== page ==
Search results for: Recchia Susan L.
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Transitioning from primary-grade classrooms to infant/toddler rooms: early childhood preservice teachers’ growth and challenges
This qualitative study explores how a group of preservice teachers, all of whom had been well prepared to become primary-grade teachers, made a transition into infant/toddler group care settings. The authors used the teachers’ daily journal entries, individual interview, document analysis (course syllabus, weekly planning sheets), and weekly team planning meetings as data sources. Findings revealed that the teachers initially struggled to work with the infants/toddlers and that their long-held notions of children, teaching, and learning were challenged. Yet, their daily work with the children over 15 weeks of practicum helped them deepen and broaden and become more skillful and insightful of early childhood education, which the teachers found applicable to primary-grade teaching.
Updated: Nov. 29, 2021
This study aimed to examine the process through which three student caregivers learned to develop relationships with a key infant in the context of an infant practicum course. The results revealed that the power and value of relationships were an essential context for learning about infant development, infant care and education, and preparation of infant professionals. As they developed reciprocal responsiveness with their key infants, the students shared that they experienced emotional rewards and intimate connections, and gained confidence in understanding and caring for infants. The results also highlight the importance of parent–caregiver relationships. The authors found that the caregivers benefitted from having opportunities to get to know their key infants’ families.
Updated: Feb. 07, 2018
Reflective Practice as “Enrichment”: How New Early Childhood Teachers Enact Preservice Values in Their Classrooms
This study followed a cohort of new early childhood teachers from preparation into their first year of teaching, giving voice to their challenges and triumphs, and insight into the elements of their preparation program which they continued to value and build on in their classroom practice. The findings revealed that participants’ perceptions on those elements of the program which best guided their decisions in practice, such as reflective thinking about their daily work and child observation and inquiry. Overall, although the participants expressed feeling less prepared in terms of specific curricula which aligned with their particular teaching settings, they seemed to feel most prepared in those skills that can be applied broadly across a wide variety of classrooms and educational contexts, such as observation, reflection, and differentiation.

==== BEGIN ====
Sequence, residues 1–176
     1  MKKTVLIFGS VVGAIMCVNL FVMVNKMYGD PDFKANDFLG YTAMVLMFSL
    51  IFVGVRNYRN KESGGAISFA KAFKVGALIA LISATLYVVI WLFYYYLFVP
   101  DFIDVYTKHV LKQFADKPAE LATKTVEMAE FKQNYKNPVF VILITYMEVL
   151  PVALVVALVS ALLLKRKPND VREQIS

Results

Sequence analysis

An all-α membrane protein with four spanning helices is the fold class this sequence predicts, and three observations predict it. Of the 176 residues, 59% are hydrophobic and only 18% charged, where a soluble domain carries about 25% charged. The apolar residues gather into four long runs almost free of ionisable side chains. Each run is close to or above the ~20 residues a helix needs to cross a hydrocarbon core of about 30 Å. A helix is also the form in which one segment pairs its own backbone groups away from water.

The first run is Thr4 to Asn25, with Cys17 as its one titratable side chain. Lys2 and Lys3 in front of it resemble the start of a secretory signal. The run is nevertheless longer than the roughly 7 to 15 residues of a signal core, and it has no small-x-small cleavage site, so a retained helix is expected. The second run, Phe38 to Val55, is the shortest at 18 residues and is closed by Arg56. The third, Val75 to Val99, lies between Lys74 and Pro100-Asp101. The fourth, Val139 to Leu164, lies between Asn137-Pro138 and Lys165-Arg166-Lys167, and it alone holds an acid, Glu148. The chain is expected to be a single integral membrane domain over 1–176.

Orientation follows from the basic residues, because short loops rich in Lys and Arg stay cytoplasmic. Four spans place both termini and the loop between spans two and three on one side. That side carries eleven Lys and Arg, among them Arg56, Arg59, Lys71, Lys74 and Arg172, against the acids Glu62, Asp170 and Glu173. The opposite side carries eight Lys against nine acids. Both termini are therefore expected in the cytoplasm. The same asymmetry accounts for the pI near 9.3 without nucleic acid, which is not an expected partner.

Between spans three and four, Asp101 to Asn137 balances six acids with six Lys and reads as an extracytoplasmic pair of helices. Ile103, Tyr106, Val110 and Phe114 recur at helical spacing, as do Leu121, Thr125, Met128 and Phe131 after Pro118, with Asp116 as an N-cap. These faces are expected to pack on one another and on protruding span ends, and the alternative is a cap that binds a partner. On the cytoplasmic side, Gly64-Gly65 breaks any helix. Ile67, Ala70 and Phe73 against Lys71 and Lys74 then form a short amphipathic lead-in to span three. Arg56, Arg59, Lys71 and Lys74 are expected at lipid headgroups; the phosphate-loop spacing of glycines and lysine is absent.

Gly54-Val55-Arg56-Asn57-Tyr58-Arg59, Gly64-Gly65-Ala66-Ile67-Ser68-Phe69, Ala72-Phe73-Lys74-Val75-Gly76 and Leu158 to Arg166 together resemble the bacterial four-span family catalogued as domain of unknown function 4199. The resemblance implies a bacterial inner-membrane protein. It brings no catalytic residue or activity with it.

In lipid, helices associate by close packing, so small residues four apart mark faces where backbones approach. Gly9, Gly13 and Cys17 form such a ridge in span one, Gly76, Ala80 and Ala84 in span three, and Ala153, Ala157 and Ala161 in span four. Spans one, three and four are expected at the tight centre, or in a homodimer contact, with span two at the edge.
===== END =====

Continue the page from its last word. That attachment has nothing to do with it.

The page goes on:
Updated: Mar. 09, 2016
Challenges and Inspirations: Student Teachers' Experiences in Early Childhood Special Education Classrooms
The current study explores the potential challenges and learning opportunities that self-contained settings offer early childhood special education teachers in training. The participants were five early childhood preservice students seeking dual certification. Through an analysis of their weekly student teaching journals, the authors explored students' experiences in segregated early childhood special education classrooms and implications for teacher education.
Updated: Aug. 30, 2012
This article explores the process through which a group of preservice early childhood/early childhood special education students examined their own beliefs about quality teaching and learning. Students' reflections and actions are illuminated through a careful individual and cross-case analysis of field-based journals. The students considered that there are multiple ways to teach and learn, and realized that their own understandings of quality teaching must be informed by the children they teach.
Updated: Jun. 11, 2009
The Early Childhood Professional Mentoring Group (ECPMG) was established to develop a forum of support for recent graduates of the authors' university's Masters programs in Early Childhood and Early Childhood Special Education. Moreover, this group was established to create a process for exploring and evaluating the ways that the university's programs are preparing professionals for practice. In order to gain insight into the process and the value of the group, throughout its 1st full academic year, the authors, as cofacilitators, conducted a 45-minute debriefing session after each monthly meeting. During these sessions, the authors reflected on the group's dynamics, topics or themes presented, and their own ways of participating, collaborating, and making meaning of the experience.
Updated: Feb. 12, 2009